milled wheat grain, whole wheat flour, Nutrimill

18.5 scooped cups, that's one gallon of flour +2.5 cups. 4 lbs, 9.3/4 ounces. That's 5 and 1/4 ounce short of 5 lbs, not bad for guessing the weight of grain pouring out of a chute.

The grain came from downstairs brewery school. 

They have a million different types of grain in bulk-bin containers. Possibly fifty or so different grains, wheat, barley, rye, rice and such. They're roasted to various extents by the method of malting, allowing grain to germinate just so then BAM! Kill it with heat. The extract from such treated grain is the malt that goes into chocolate. It's added to bread to enhance it, but here it's the actual roasted grain that's intended for bread, not non-roasted grain with malt extract added. This flour is different. The grains are roasted. I have no idea how that will work so far as making bread. Will gluten molecules still develop? I don't know. Maybe it can be used with regular white bread flour to flavor it. It's an experiment. We'll see.

I have sourdough starter rejuvenating presently. It's been languishing in the refrigerator unfed for months. I'm tired of it taking up valuable space. 

The thing about sourdough is it tends to take over. You have to keep it going so the levain stays at peak activity. 

You see, *strikes a professorial pose* the reason why commercial sourdough is so disappointing is they're making bread the usual way with regular commercial yeast for its outstanding properties and adding sourdough culture to it for flavor. This provides a hint of sourdough, a suggestion of sourdough flavor with none of its authenticity.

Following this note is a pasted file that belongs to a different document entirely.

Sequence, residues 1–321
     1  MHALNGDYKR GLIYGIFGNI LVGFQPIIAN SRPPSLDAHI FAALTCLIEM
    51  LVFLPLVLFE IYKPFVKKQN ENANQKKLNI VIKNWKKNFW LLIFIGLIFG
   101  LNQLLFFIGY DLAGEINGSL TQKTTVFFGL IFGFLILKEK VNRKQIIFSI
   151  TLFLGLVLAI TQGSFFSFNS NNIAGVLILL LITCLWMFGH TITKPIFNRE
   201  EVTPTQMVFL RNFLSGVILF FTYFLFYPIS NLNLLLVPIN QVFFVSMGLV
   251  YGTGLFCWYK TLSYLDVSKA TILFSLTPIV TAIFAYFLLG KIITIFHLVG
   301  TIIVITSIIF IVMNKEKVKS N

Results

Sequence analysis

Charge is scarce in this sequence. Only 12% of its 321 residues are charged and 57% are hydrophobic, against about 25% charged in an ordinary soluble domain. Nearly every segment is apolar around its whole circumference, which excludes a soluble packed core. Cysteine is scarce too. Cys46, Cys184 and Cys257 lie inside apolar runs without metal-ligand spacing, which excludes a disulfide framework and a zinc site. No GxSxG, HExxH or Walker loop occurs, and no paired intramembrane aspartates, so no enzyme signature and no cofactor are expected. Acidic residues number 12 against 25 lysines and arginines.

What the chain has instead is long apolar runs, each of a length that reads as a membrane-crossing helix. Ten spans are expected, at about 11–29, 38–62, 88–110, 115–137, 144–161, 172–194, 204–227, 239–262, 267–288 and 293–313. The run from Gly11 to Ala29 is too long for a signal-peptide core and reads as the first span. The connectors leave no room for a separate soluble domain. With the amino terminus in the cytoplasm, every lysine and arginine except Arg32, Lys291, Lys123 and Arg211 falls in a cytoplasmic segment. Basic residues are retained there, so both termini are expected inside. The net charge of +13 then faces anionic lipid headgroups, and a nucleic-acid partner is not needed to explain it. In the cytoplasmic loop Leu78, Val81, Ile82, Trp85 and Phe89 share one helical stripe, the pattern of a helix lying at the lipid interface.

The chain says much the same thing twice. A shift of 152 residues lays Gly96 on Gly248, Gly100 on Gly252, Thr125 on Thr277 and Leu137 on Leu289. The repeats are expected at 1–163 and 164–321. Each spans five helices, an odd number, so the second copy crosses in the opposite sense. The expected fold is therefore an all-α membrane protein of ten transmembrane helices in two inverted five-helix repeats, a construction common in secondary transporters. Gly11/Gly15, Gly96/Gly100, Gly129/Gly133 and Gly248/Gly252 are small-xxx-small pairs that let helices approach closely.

Real sourdough is made from sourdough starter cultured to full blast activity and the only leaven used. It's the farting activity of a multitude of different types of yeast organisms. And that's a tremendous leap in flavor and character, but there's more, after the dough is formed the entire batch is allowed to ferment, just like beer, so that time becomes another ingredient, and that fermentation makes all the difference in the world. That is true sourdough. It takes three days to make. 

So then, beginning from scratch, starting a brand new sourdough culture, or rejuvenating an old tried and true one, takes three days at least, then three days fermentation before baking, then all day rising, so one week after beginning the project you finally get your sandwich. 

There's not that much work to it, but true sourdough bread is for people who can stick with a project, feeding their culture, managing its size, as a living and demanding pet. 

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